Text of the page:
Grain filling from 17 to 21 days

Grain filling lasts for about twenty days in total. We have broken the time down into three sections, 11-16, 17-21 and 21-30 days after flowering and describe what happens to the endosperm, the cell layers surrounding the embryo sac and the embryo during each of these time periods. These periods correspond to the Medium Milk, Soft Dough and Hard Dough stages used by farmers to describe the grain in the field.

About 21 days after flowering the grains reach their maximum fresh weight. On the outside the grain is changing colour from green to yellow; it has reached the 'Soft Dough' stage. The inside of the grain is still moist but the endosperm contents are now semi-solid. It is at this stage that the crop is most vulnerable to lodging. The controlled programme of drying out will not start until after stage 3.

Cell division has stopped in the endosperm and during this stage two types of starch grains, Type 'A' and the smaller Type 'B', will be packed into the compartments that formed in the Medium Milk stage. As these storage reserves become tightly packed the cell layers surrounding them are stretched and crushed and we can observe this in detail in micrographs of grain sections.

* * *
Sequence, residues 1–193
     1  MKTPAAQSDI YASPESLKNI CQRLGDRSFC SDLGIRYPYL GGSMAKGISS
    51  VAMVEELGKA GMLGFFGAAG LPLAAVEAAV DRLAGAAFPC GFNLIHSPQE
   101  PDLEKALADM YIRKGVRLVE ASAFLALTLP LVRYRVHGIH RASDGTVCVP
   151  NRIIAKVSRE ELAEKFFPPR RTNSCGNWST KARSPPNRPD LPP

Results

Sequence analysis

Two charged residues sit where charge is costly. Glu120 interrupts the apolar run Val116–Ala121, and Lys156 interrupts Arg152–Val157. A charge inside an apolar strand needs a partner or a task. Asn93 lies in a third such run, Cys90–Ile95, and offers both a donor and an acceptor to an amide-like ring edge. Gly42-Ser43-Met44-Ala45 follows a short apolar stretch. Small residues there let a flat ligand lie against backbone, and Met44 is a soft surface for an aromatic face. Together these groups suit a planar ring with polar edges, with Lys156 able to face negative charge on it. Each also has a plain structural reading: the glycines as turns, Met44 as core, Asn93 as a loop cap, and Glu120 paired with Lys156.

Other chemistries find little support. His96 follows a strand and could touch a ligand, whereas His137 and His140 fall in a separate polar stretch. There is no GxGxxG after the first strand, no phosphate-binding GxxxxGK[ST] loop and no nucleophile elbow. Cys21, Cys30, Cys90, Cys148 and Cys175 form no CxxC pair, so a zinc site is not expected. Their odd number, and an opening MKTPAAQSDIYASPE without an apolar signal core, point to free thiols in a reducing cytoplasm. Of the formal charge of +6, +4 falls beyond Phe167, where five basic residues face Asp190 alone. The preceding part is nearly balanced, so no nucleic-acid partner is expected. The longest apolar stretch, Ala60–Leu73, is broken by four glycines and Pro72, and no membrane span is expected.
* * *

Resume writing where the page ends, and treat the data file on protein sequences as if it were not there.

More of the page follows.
The embryo has grown to half its final size and is digesting the endosperm cells that are nearest to it. These cells fail to develop as normal endosperm and will become the 'crushed cell layer'. This layer is important during grain milling as it is here that the embryo or 'germ' will be separated from the endosperm. The 'crushed cell layer' is also important to the brewing industry because it restricts water uptake during the steeping and malting processes.